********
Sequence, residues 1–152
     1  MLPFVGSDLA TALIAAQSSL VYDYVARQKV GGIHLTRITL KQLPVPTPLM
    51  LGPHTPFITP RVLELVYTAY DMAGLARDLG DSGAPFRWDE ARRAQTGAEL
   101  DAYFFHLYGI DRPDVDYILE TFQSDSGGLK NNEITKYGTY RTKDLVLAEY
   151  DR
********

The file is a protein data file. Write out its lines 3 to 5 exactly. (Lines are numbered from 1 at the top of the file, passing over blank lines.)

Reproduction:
    51  LGPHTPFITP RVLELVYTAY DMAGLARDLG DSGAPFRWDE ARRAQTGAEL
   101  DAYFFHLYGI DRPDVDYILE TFQSDSGGLK NNEITKYGTY RTKDLVLAEY
   151  DR